Neuroscience: How your brain responds to change w/Gabija Toleikyte
Nexum bi-weekly podcast featuring the leading thinkers in change management.
Hosted by Morten Kamp Andersen
Nexum bi-weekly podcast featuring the leading thinkers in change management.
Hosted by Morten Kamp Andersen
Changing behaviour is difficult. It can provoke both anxiety, anger and stress. But why? What exactly happens in your brain when you try to make a change? I have asked neuroscientist, Gabija Toleikyte, to help us understand change from a neurological perspective – how your brain works, and what you can do to help it change.
We can learn a lot from neuroscience when we want to make a change. Here are my three key takeaways.
#1 We underestimate what it takes to make a change. The oldest parts of our brain – the reptilian and Mammalian regions – don’t like change. In fact, they want to preserve the status quo. Luckily, the more recently evolved parts - such as the Prefrontal Cortex - embrace change. We must use our new brain to educate our old brain. Only then will we be successful.
#2 We need energy and mental health to activate the Prefrontal Cortex. If your brain is in survival mode – e.g., being overly busy, emotionally vulnerable or simply too tired – the Mammalian brain takes control of your actions, immediately going back to old habits. So, sleep well, eat well and avoid being in a stressful state when going through a change. That will help the Prefrontal Cortex maintain control.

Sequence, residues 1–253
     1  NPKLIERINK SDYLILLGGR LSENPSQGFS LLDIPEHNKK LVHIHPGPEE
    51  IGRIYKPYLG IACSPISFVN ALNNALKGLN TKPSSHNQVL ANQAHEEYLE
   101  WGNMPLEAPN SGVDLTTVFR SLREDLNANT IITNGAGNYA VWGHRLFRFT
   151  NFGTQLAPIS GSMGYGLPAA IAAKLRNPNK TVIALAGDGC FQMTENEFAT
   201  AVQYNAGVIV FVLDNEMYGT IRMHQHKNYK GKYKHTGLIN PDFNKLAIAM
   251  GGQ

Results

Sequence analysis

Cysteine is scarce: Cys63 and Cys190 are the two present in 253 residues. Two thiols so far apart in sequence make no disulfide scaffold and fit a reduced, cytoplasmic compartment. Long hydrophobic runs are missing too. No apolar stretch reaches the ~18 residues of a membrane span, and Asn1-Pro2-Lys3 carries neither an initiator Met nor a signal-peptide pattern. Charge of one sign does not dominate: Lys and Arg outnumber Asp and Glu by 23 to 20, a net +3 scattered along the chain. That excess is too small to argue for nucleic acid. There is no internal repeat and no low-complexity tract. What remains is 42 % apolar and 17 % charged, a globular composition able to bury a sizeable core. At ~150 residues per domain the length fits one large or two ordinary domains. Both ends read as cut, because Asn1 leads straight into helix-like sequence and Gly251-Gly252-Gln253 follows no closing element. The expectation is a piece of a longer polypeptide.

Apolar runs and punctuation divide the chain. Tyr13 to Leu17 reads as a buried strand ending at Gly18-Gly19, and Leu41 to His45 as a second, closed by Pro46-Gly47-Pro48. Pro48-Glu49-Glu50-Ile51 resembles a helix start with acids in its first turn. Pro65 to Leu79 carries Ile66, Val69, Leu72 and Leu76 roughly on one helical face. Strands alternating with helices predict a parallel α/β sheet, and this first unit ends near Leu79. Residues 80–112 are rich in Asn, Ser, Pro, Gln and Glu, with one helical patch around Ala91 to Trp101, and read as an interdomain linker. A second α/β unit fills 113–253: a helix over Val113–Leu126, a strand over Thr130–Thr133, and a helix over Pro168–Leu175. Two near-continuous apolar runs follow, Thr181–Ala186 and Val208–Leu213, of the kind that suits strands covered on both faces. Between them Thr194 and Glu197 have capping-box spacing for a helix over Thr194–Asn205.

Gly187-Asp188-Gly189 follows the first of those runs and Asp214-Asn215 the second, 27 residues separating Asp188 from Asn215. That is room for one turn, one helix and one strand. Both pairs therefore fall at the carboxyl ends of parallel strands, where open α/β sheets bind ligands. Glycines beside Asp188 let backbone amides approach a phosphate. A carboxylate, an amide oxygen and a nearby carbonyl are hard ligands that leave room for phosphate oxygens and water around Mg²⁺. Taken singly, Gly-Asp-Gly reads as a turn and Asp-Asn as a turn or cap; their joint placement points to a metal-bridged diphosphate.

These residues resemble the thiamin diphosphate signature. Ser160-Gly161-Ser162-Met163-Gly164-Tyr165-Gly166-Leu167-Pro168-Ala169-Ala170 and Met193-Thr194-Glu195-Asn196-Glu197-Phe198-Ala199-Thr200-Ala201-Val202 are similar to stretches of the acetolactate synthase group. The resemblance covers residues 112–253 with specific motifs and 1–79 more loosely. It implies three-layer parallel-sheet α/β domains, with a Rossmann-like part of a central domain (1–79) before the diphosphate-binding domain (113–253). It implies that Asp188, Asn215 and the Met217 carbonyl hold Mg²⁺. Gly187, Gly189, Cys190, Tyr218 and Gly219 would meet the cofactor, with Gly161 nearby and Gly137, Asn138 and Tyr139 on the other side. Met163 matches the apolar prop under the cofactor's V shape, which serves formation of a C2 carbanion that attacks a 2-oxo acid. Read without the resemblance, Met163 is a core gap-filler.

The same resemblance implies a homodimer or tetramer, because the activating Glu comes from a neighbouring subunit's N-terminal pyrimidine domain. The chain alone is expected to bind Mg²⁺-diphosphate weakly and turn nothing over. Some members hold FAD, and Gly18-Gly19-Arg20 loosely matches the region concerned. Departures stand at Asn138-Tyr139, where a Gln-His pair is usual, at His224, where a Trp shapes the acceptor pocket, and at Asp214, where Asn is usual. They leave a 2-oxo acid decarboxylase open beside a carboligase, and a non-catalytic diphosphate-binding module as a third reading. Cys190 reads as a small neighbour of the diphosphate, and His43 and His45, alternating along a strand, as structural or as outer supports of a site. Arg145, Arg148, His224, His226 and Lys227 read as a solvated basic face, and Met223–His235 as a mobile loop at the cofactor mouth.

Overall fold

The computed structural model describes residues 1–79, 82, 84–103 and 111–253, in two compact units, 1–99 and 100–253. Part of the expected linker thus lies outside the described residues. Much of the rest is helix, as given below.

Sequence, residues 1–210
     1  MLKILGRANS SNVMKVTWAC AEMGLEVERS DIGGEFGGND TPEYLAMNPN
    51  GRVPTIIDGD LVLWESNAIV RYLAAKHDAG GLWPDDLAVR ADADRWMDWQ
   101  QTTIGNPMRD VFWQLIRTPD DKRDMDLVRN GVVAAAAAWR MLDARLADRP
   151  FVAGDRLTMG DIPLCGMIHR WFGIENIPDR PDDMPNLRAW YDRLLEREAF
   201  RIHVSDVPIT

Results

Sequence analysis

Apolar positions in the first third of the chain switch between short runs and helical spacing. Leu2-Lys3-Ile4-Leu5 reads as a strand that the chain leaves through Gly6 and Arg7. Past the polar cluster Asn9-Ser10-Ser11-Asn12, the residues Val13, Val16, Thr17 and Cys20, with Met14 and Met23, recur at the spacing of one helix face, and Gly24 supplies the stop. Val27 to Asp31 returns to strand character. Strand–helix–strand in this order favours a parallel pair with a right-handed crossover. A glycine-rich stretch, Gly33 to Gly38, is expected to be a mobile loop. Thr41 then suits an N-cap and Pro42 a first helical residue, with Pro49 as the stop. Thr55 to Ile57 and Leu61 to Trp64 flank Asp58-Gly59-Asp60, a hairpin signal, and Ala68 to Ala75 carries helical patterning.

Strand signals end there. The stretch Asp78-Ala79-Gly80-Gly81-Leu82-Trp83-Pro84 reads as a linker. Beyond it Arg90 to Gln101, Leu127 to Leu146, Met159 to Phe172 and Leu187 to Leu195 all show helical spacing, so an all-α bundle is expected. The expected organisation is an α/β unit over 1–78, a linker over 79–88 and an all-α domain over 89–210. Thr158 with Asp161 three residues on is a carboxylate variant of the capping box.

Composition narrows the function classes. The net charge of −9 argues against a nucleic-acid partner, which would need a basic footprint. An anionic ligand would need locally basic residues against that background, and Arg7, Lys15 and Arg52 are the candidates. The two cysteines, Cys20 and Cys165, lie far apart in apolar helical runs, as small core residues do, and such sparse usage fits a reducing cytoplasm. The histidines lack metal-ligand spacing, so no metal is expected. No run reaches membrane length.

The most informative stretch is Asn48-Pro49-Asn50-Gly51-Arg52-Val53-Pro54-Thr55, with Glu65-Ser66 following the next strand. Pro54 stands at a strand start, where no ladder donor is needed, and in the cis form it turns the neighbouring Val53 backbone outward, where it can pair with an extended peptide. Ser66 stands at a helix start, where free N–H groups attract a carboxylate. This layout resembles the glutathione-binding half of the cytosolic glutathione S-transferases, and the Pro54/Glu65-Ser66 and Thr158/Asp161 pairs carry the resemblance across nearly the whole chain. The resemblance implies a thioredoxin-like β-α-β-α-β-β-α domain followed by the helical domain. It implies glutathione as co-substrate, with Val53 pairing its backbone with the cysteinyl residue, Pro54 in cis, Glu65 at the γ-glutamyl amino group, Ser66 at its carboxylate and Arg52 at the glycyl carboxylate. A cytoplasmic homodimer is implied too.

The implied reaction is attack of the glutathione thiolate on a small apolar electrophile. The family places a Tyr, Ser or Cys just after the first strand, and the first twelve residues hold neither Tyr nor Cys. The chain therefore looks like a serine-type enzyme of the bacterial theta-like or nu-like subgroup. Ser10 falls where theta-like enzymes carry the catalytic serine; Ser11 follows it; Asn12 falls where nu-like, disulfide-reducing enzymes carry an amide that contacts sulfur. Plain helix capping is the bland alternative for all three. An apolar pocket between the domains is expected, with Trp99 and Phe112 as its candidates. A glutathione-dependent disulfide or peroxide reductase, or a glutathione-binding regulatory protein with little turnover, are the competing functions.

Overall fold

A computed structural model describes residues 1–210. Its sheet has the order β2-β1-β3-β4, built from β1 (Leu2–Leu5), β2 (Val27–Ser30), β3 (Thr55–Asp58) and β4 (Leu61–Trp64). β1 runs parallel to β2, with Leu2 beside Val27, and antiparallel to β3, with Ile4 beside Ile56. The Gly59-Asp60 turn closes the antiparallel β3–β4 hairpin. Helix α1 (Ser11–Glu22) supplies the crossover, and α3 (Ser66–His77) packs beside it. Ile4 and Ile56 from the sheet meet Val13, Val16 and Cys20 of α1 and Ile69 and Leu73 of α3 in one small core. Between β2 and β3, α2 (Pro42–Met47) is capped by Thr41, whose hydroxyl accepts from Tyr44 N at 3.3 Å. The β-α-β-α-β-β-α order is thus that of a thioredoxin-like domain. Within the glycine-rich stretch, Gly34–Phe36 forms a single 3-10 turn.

#3 Be careful about the Amygdala Hijack. David Goleman described an Amygdala Hijack as a personal and emotional response that is overwhelming and out of measure. If we feel threatened, the Amygdala can ‘hijack’ your rational behaviour and cause anxiety, anger etc. Use mindfulness to control your Amygdala.
If you want to know more about nudging or my guest, Gabija Toleikyte, you can follow the links below.
I love feedback. If you liked what you’ve heard, please leave a review or comment. Whatever you have on your mind, I want to hear it.
Wed, 1/20 11:04AM • 51:03
brain, amygdala, people, prefrontal cortex, change, network, resonant, mammal brain, called, neurons, field, neuroscience, imagine, trigger, create, part, couples, eating, thinking, habits
Morten Andersen, Gabija Toleikyte
Morten Andersen 00:05
Hello, and welcome to What Monkeys Do. My name is Morten Kamp Andersen. And this is a podcast about what it takes to make a change and make it stick.
Morten Andersen 00:21